Now, let me tell you a few things about the processor. Even before Qualcomm launched the Snapdragon 810 earlier this year, there were reports of it overheating, and that was one of the reasons Samsung decided not to ship any of its 2015 flagship devices with Qualcomm’s SoC; instead, opted to use its in-house developed Exynos processor. When LG announced the G Flex2 with the S810 chip, there were many concerns, however, the company assured us that with a little help from Qualcomm they have optimised their software and drivers, and the device won’t suffer from any overheating issues. But, after testing the product for more than a month now, let me tell you one thing: it overheats.

Well, you might say that every smartphone heats up when performing processor extensive tasks, and you’re right. However, the G Flex2 starts getting warm as soon as you have more than 3-4 applications running in the background. Why is it such a bad thing? When the device overheats, the CPU starts to throttle itself and clocks down to a very low frequency, which makes everything laggy, and most of the time the entire phone just freezes completely.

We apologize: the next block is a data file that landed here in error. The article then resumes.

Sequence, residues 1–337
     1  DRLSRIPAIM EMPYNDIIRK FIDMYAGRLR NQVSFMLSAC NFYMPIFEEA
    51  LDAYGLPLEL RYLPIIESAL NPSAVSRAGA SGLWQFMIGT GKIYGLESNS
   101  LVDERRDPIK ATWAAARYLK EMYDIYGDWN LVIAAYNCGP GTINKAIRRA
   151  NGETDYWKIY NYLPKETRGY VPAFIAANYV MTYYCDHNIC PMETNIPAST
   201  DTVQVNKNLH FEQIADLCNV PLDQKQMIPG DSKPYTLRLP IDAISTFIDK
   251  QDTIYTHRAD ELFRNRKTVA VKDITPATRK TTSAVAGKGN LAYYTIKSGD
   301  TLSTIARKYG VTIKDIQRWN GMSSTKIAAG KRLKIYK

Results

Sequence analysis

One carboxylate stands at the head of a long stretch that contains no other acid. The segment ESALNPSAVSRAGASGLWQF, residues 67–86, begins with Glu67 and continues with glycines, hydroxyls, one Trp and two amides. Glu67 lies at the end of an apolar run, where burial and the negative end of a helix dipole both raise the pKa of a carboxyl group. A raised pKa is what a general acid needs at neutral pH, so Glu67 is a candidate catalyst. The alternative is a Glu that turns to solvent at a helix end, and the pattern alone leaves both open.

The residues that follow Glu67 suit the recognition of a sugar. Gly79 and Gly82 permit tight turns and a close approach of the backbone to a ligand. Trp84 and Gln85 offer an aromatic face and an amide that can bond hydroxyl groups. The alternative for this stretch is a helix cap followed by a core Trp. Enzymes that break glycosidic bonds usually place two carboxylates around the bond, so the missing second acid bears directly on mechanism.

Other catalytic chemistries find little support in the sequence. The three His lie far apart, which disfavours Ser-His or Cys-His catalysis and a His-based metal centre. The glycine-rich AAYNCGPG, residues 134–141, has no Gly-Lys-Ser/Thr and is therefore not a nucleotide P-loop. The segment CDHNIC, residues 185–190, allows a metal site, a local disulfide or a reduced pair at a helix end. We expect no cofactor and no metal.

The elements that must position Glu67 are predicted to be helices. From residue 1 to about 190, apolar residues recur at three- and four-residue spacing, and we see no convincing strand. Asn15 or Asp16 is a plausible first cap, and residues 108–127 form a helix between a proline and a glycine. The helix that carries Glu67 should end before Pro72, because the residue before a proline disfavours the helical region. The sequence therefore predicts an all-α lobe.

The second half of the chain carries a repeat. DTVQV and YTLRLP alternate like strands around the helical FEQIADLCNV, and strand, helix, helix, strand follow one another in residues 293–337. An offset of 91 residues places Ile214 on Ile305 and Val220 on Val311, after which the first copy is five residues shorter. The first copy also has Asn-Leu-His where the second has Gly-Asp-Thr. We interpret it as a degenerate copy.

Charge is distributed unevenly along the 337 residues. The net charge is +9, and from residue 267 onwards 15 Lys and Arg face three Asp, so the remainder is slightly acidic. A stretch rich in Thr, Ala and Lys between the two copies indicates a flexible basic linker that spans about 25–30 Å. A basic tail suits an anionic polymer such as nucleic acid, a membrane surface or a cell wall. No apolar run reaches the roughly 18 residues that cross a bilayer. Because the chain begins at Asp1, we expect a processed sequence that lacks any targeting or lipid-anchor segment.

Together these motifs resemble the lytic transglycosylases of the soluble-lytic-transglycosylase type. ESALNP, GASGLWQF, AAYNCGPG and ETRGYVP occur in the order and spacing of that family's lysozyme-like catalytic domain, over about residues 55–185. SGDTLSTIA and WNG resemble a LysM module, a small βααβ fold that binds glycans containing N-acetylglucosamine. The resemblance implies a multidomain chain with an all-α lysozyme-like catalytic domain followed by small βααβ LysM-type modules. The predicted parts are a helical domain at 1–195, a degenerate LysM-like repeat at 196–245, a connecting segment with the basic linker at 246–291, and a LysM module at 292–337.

I regret to say this, but the performance is average to bad on this phone, and the company knows it. That’s why it released its LG G4 with a Snapdragon 808 processor, instead of the 810. There is a slight possibility that LG might be able to fix the overheating issue with a software patch in the future, as the OnePlus 2 review sample I have, which has the same processor — Snapdragon 810 — runs just fine with optimal performance and no overheating issues.